Tuesday, January 28, 2014
The Mike Curb Congregation - "Burning Bridges"
One day last week my accounting brain and writing brain were at war with each other, so I did what any reasonable person would do to avoid a complete intellectual breakdown: Took the afternoon off, made a pot of coffee, and fired up a film I hadn't seen since as a kid, Kelly's Heroes, on TV via Amazon Prime and the Roku box.
Among the many anti-war war movies of its sixties-into-seventies, it throws a little Me Generation philosophy in as well. A group of American soldiers go on a rogue mission well behind enemy lines to rob a bank of its gold. The town is in occupied France, and I never caught if they are intent on plundering French or Nazi gold, but who cares? It's a caper movie, and who doesn't love a good caper? And sure, it's considered an anti-war movie, but when the Nazis get blown away, they get blown away violently and in large numbers.
And if you're worried about any actor going against type, no such worries here. Telly Savalas talks tough. Donald Sutherland excudes a proto-beatnik cool vibe (he even rides around with a guy named Moriarty.) Carroll O'Connor yells a lot and his character is unintentionally funny. Donald Rickles rolls his eyes and makes smart remarks. Clint Eastwood squints.
So you're saying: "Yeah, I just looked this flick up on Wikipedia and it clocks in under two-point-five hours. How did it take up a whole afternoon?" Well, there's things going on with the music that had me hitting the pause button and headed to my iMac, and I'm not just talking about the abundant anachronisms. Like a Morricone-like moment near the end that nods towards Clint's role in The Good, The Bad and The Ugly. Or Sutherland's character leading a tank raid by blasting Hank Williams Jr.'s "All For The Love Of Sunshine" (forcing Coppola to top it with "Ride of the Valkyries" in Apocalypse Now.) Said Hank Jr. song was written by Mike Curb, whose own group sings the movie's hippy-dippy theme song, "Burning Bridges." Curb went on to become Lieutenant Governor of California. The Man can't bust our music? The Man made the music!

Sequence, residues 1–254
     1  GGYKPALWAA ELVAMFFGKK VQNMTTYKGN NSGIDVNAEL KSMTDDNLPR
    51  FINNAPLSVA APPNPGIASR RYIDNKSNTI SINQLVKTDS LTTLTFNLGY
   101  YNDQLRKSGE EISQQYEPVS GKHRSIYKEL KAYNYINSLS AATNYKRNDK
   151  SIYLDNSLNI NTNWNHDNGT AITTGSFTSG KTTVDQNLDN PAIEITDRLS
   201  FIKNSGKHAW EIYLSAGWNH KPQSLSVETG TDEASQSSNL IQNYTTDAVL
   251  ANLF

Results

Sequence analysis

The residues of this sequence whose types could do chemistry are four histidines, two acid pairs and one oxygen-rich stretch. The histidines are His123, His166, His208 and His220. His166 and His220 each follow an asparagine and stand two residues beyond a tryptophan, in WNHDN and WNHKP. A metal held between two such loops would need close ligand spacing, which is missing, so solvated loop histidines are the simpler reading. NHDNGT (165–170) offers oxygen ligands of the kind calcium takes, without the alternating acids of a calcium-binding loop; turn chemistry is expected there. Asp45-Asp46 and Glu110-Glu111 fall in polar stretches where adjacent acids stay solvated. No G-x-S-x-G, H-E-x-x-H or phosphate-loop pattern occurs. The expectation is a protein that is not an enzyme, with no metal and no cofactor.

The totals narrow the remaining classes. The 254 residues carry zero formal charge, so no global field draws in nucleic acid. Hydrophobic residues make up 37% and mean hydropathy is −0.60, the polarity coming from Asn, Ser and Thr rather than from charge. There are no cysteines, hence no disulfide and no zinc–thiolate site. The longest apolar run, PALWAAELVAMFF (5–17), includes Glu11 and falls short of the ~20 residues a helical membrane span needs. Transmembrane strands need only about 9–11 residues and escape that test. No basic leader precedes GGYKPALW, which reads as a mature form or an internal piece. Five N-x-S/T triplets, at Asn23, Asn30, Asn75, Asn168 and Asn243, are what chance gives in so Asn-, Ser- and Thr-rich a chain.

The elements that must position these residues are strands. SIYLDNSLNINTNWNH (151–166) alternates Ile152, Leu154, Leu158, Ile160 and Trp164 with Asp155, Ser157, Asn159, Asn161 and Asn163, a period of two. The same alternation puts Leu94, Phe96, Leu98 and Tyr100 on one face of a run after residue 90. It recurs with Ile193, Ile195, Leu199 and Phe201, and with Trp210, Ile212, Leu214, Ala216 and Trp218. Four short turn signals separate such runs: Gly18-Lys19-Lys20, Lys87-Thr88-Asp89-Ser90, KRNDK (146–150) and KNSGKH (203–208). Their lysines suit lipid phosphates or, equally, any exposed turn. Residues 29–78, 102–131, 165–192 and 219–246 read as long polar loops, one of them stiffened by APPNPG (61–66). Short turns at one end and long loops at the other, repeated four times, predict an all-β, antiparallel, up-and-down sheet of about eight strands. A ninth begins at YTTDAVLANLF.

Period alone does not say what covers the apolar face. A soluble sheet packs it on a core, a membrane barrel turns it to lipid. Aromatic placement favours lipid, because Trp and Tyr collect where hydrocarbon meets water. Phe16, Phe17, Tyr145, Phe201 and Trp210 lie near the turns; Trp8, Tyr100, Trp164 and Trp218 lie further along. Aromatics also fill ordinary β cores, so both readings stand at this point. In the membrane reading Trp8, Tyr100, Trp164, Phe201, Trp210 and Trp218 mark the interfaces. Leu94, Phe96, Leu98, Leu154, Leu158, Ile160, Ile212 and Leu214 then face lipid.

Tuesday, January 21, 2014
Tony Carey - "A Fine Fine Day"
Tony Carey isn't from the Garden State, but "A Fine, Fine Day" has New Jersey all over it. The video is Sopranos-light (and shot a decade-plus before Jersey's own Tony Soprano and family appeared!), telling a darker story than what is alluded to in the song. The tune itself is a first-rate Bruce Springsteen knockoff, Carey haunts the Springsteen ballad side effectively, leaving the rocker side of Bruce to John Cafferty with "On The Dark Side." Both tunes are from '84, I hear Springsteen himself had a good year also.
Tuesday, January 14, 2014
Wet Willie - "Keep On Smilin'"
A glance at Wet Willie's Greatest Hits album cover confirms the stereotypes you imagine for a seventies Southern rock band:
Fat guy with hat and facial hair? Check.
Guy with overalls or suspenders? Check.
Guy with plaid or flannel shirt? Check.
Guy with rapidly-receding hairline? Check.
And one guy who looks glad to be along for the ride and one skinny guy with a beard who pulls of the Legitimate Rocker look.
Not to mention that song titles like "Grits Ain't Groceries", "Red Hot Chicken", and "Dixie Rock" point towards yet another Southern rock band piling up cliches and guitar solos. But to listen to the tunes … As John Milward wrote in The Rolling Stone Record Guide (orginal red edition):
"Most other Southern bands seasoned their blues rock with country influences, but Wet Willie fueled its with hard-biting R&B."
Lead singer Jimmy Hall was a solid soul-influenced singer, and Wet Willie's only hit, "Keep On Smilin'", is one of the lost classics of seventies blue-eyed soul, gospel-tinged and triumphant. (It charted #10 but doesn't get oldies radio play? What gives?) On a down day you can do no worse than to track this one and heed Johnny's reminder to stay gold.
Tuesday, January 07, 2014
Neil Young & Crazy Horse - "Opera Star"
Released at the start of the "Neil Young experiments with a new genre every year" era1, Reactor was the first Neil album I bought, and still my favorite - mostly because I got it when I was sixteen and didn't know what canonical Neil Young music quite was. Reactor is grungy, silly, serious, and kicks down doors like no other Neil album I have heard. Then again, I haven't heard all of 'em.
The leadoff track "Opera Star" is an underrated garage rock gem chock-full of goodies. It's a Neil song with an actual interesting rhythm, you can almost dance to it. Reactor also contains "T-Bone", which is Neil's attempt at an extended dance mix. It works, in fact, pairs quite well with any number of the "mashed potatoes" R&B songs from the early sixties.
And not to mention, "Opera Star" also has: class resentment, drugs, getting f*cked up, and ridiculous-but-fun backing vocals. In the chorus, Neil informs the protagonist - and by extension, the listener - that he/you will never be an opera star. I'm sure Neil Young fans continent-wide were crushed.